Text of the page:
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I am building a Sharepoint web part that will be used by all users, but can only be modified by admins. The web part connects to a web service which needs credentials. I hard coded credentials in the web part's code.

query.Credentials = new System.Net.NetworkCredential("username", "password", "domain");

query is an instance of the web service class

This may not be a good approach. In regard with security, the source code of the web apart is available to people who are not allowed to see the credentials.

In normal ASP.net applications, credentials can be written into web.config and encrypted. A web part doesn't have a .config file associated. There is a application-level .config file for the whole sharepoint site, but I don't want to modify it for a single webpart. I wonder if there is a webpart-specific way to solve the credential problem? Say we provide a WebBrowsable property of that web part so that privileged users can modify credentials. If this is desirable, how should I make the property displayed in a password ("*") rather than in plain text?


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4 Answers 4

up vote 1 down vote accepted

Create custom toolpart, check for condition like SPWeb.UserIsWebAdmin, if so, render fields needed for credentials (input textbox, masked textbox etc).

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Read the user name and password out of an encrypted section of the configuration file. See http://blogs.techrepublic.com.com/programming-and-development/?p=448 for more info on programmatic uses.

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This is good for a general ASP.net site. But for a web part, I may not want to put credentials in a .config file that is used by the whole site. Is there a webpart-specific solution? Thanks. –  Shuo Apr 20 '10 at 22:45
-1 if the attacker can read the file containing the password then they will be able to read the key that is being to used to encrypt it. This is not a problem that cryptography solves. –  rook Apr 20 '10 at 23:29

In addition to the above, you can store the credentials (securely, of course) on the server, be it config file symlinked in, a file in a known location (e.g., common directory) or even (not recommended) in the environment.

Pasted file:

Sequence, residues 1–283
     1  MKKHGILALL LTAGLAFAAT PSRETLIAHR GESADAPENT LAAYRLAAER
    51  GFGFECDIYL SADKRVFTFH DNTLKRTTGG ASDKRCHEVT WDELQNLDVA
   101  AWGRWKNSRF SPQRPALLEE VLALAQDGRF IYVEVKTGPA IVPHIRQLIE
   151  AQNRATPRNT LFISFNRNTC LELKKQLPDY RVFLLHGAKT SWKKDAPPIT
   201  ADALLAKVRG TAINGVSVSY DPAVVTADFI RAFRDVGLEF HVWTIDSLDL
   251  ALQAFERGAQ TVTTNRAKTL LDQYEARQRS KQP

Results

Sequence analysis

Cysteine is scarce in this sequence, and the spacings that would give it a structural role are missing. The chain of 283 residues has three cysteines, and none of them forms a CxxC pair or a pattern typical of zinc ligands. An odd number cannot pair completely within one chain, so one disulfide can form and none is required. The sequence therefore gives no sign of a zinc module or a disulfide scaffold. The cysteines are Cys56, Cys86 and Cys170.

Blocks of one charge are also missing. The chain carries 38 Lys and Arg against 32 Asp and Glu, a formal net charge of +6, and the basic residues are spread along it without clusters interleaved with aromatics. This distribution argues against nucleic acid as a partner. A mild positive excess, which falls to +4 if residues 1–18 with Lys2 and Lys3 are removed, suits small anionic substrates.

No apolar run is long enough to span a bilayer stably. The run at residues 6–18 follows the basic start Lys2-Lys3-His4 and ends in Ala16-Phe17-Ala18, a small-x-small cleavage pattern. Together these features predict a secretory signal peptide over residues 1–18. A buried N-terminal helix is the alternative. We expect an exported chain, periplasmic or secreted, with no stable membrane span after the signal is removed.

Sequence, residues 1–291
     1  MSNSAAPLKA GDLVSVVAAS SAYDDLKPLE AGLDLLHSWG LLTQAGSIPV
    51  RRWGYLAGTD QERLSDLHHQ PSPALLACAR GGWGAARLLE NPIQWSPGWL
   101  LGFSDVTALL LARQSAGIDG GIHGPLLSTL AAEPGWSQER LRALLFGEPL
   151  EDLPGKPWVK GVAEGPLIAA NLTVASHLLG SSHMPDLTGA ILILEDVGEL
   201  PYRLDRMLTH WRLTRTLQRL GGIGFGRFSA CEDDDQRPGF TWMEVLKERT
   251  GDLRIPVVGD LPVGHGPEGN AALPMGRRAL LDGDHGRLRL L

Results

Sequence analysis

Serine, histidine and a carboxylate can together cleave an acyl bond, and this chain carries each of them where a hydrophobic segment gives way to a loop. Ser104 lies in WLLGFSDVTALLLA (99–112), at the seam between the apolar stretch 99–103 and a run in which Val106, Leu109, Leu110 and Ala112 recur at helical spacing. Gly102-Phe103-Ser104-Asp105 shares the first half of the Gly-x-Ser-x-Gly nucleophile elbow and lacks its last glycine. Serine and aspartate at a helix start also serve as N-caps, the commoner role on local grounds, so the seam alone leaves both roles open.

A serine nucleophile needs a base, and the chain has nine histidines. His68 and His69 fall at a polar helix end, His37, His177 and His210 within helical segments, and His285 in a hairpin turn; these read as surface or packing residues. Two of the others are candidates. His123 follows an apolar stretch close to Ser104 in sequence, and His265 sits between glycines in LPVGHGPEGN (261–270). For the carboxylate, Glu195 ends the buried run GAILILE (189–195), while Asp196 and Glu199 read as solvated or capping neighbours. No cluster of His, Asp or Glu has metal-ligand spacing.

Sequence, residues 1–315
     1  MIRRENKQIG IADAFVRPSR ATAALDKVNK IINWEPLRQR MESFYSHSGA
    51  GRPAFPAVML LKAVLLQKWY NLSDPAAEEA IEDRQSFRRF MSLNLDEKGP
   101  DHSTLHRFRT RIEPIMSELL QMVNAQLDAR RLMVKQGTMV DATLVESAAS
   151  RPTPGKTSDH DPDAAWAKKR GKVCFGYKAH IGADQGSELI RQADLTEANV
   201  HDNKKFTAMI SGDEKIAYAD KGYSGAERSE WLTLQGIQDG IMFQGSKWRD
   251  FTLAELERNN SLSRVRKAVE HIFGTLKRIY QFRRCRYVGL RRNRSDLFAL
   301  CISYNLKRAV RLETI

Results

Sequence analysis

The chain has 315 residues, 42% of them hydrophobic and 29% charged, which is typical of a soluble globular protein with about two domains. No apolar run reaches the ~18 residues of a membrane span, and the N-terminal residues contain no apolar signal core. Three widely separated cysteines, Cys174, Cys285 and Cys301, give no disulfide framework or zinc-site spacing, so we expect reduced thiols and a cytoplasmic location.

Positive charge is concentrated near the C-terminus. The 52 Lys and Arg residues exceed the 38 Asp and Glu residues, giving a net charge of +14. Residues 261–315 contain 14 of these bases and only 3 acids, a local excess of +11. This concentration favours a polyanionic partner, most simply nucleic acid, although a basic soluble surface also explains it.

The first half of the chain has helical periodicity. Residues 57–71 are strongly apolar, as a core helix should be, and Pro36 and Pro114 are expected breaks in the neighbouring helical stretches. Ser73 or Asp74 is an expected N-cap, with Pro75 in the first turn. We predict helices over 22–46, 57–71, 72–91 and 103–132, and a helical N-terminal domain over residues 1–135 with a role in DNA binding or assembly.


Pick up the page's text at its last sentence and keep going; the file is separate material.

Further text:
A bonus of this method is it allows dev/test/whatever to have different credentials and not interfere with production while developing/testing/etc.

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Thanks. A nice solution. I'm wondering whether the file solution will cause extra effort in deployment and maintenance. I'll have to keep the file and webpart coordinated. When the file is moved or deleted for some reason, the webpart may not work. I'm hoping for a solution to integrate the credential in the webpart. thanks! –  Shuo Apr 20 '10 at 22:50
If you are running on *nix, you could NFS mount to a 'credentials' volume. That would give you the benefit of having one location to update, and a bit more security (mount read only, etc). –  BryanH Apr 22 '10 at 15:04
I like the appSettings section of the web.config for this purpose, see msdn.microsoft.com/en-us/library/ms228154.aspx. –  user4531 Dec 14 '10 at 9:21

If you want the web part to be independent of other parts of the system, a property is the simplest option. The main downside to that approach is that you can't set permissions for individual properties, so users will see it. You could have the value be a hash (calculated elsewhere by the admin before adding the web part) but I don't think I'd call that a good solution.

If you want to provide ui to admins only, you should create a custom settings page (CustomAction + layouts page) which saves the credentials in a site property, possibly encrypted so that they can only be read by your custom code in the web part and settings page.

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Thanks. If I want to provide a credential property to admin, how can I make sure the text is displayed in "*"s? Using custome ToolPane? –  Shuo Apr 20 '10 at 23:41
If you mean in a web part property, I'm not sure how much control you get - I was thinking it could be encrypted so that it can only be used by your web part and it doesn't matter if the user sees it. If you mean in the custom settings page, it's just a standard .net page and you can use whatever design you want. –  Tom Clarkson Apr 20 '10 at 23:55

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